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As a challenge to my beginner programming ability I thought it would be fun to see if I could code a simple brute force password thing. So I've started writing an application which generates, given a value for the length of the string, every alphanumeric permutation it could take. However, as I am a complete programming newbie I am having troubles.

Firstly, despite having imported java.lang.Math, I'm getting errors saying cannot find symbol: pow. I managed to fix this by writing out in full java.lang.Math.pow(); when I use the function instead, but why that works but import does not is beyond me.

Secondly, regardless of the length input, after inputting I get the runtime error:

aaException in thread "main" java.lang.ArrayIndexOutOfBoundsException: 98
at combination.main(combination.java:53)

Which suggests that in line 53:

current[j] = alphanum[((int)current[j])+1];

I'm apparently trying to access index 98 in either current[] or alphanum[]? Which as far as I can see shouldn't be happening...

I'm fairly stumped by this development. Anyway, here's my code:

//48-57 65-90 97-122

import java.util.Scanner;
import java.lang.Math;

public class combination {
    public static void main(String[] args) {
        Scanner in = new Scanner(System.in);

        //Alphanum will be an array of chars: the lowercase letters of the alphabet, the uppercase, and the numbers 0-9.
        char[] alphanum = new char[62];

        //Set indexes 0-25 as lowercase a-z, and indexes 26-51 as uppercase A-Z, using ascii conversion.
        for (int i=0; i<26; i++) {
            alphanum[i] = (char)(i+97);
            alphanum[i+26] = (char)(i+65);
        }

        //Set indexes 51-61 as 0-9.
        for (int i=0; i<10; i++) {
            alphanum[i+52] = (char)(i+48);
        }

        //Take in variable for length.
        System.out.print("Enter length: ");
        int length = in.nextInt();

        //Current will be an array of chars: it will hold the current permutation being generated.
        char[] current = new char[length];

        //Set all indexes in current to "a" by default, and print this string as the first permutation.
        for (int i=0; i<length; i++) {
            current[i] = alphanum[0];
            System.out.print(current[i]);
        }

        //power will be a temporary double, used to calculate the number of iterations needed, as the pow function works with doubles.
        double power = (java.lang.Math.pow(62.00, ((double)length)));

        //Convert power to an integer, iterations, and subtract 1 because one iteration was already printed previously.
        int iterations = ((int)power)-1;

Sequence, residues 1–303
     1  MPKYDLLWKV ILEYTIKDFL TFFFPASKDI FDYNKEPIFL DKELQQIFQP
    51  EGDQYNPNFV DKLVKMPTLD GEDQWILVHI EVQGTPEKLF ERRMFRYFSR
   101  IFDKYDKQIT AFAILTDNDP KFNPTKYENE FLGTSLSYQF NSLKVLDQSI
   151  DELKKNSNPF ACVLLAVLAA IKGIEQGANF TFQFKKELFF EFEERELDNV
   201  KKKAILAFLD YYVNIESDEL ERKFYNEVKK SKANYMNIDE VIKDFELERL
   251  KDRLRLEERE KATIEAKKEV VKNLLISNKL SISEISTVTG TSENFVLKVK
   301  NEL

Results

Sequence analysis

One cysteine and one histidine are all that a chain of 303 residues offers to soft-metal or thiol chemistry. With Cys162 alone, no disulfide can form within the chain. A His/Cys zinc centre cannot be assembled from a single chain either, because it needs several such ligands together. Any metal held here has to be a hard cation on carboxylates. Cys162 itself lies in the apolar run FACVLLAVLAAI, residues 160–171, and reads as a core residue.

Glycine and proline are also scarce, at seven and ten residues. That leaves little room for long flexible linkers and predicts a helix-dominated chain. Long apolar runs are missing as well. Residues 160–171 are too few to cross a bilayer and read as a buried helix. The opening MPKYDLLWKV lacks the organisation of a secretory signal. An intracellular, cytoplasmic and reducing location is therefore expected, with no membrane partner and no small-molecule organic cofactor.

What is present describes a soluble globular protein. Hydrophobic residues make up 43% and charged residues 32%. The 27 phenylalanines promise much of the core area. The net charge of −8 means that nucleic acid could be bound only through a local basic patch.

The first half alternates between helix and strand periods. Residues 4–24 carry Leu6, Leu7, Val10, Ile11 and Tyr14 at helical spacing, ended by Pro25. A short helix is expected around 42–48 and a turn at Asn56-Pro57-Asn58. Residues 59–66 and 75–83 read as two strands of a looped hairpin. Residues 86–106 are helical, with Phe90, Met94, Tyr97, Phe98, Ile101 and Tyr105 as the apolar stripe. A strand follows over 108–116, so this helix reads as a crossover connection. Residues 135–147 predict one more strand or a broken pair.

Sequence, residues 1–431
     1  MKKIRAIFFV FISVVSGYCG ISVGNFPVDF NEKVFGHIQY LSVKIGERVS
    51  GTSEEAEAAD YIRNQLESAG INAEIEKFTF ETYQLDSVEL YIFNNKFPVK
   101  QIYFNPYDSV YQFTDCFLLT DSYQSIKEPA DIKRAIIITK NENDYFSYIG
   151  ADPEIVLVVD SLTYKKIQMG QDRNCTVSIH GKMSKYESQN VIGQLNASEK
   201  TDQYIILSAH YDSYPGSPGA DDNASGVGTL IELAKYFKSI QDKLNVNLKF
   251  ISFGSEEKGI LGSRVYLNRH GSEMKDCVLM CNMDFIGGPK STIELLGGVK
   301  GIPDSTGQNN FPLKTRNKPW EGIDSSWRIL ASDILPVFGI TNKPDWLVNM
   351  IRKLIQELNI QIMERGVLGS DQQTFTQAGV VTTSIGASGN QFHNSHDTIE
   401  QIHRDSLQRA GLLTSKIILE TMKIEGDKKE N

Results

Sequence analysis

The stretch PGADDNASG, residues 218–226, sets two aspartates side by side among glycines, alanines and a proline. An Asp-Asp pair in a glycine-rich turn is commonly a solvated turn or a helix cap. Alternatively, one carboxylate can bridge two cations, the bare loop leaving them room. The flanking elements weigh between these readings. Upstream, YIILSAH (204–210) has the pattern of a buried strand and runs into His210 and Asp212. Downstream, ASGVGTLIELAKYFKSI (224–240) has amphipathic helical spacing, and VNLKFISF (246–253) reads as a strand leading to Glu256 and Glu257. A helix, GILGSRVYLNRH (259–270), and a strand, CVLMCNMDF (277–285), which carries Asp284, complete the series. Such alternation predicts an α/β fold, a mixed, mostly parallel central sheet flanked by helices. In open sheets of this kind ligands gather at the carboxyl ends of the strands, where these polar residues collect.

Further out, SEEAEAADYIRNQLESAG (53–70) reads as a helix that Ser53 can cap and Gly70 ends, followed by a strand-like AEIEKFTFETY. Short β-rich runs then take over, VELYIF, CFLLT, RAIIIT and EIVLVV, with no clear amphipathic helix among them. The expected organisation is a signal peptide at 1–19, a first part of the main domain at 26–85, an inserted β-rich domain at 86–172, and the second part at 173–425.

/*The loop works like this. The rightmost char is checked, and if it is the maximum value of the idex
        it is reverted to idex 0 again and the index value of the char to the left of it is increased by 1,
        if it is not the maximum then it is just increased by 1. This is iterated the right number of times such
        that every alphanumeric permutation of that length has been returned.*/
        for (int i=0; i<iterations; i++) {
            for (int j=(length-1); j>=0; j--) {
                if ((j!=0) && (((int)current[j])==122)) {
                    current[j] = alphanum[0];
                    current[j-1] = alphanum[((int)current[j-1])+1];
                } else if (j!=0) {
                    current[j] = alphanum[((int)current[j])+1];
                } else {
                    System.out.println("This has looped too many times. Something is wrong.");
                }
            }

            //At the end of each iteration, print the string.
            for (int l=0; l<length; l++) {
                System.out.print(current[l]);
            }
        }
    }
}

I'd be really thankful for any help or insight you could offer. ^_^

share|improve this question
1  
The error with pow is (I guess) because it is a static function, you must use Math.pow(x,y) or import static java.lang.Math – Miquel Dec 10 '11 at 19:29
    
Why don't you debug the problem? – Thomas Jungblut Dec 10 '11 at 19:30
    
Thanks Miquel. :D – GaySeal Dec 10 '11 at 19:32
2  
Apprently not, but you can add System.out.println() to your code and debug by printing variable values to console. – Thomas Jungblut Dec 10 '11 at 19:34
1  
Totally agree. How can anybody expect to program if you can't do simple debugging like using System.out.println() to see the value of the variables in question. Basic debugging is the first skill you need to learn. – camickr Dec 10 '11 at 19:37
up vote 4 down vote accepted

Your alphanum array has size 62, and the meaning of ((int)current[j-1])+1 is 98 (> 62).

The int value of char 'a' is 97.

share|improve this answer
    
Ah! Yes. I see where I am going wrong now. Silly mistake. Thank you. – GaySeal Dec 10 '11 at 19:40
3  
There are no clever mistakes. But even the cleverest man makes them. It's our nature. – MockerTim Dec 10 '11 at 19:41

I'm apparently trying to access index 98 in either current[] or alphanum[]? Which as far as I can see shouldn't be happening...

This is perfectly possible since you try to access an element in alphanum at a certain index, where the index is derived from the contents of your current array. I suggest you print out the contents of those arrays at different steps and you will quickly discover where exactly your code behaves not as you thought it would

current[j] = alphanum[((int)current[j])+1];

Here you try to access

int index = ((int)current[j])+1;
current[j] = alphanum[index];

where index seems to be 98

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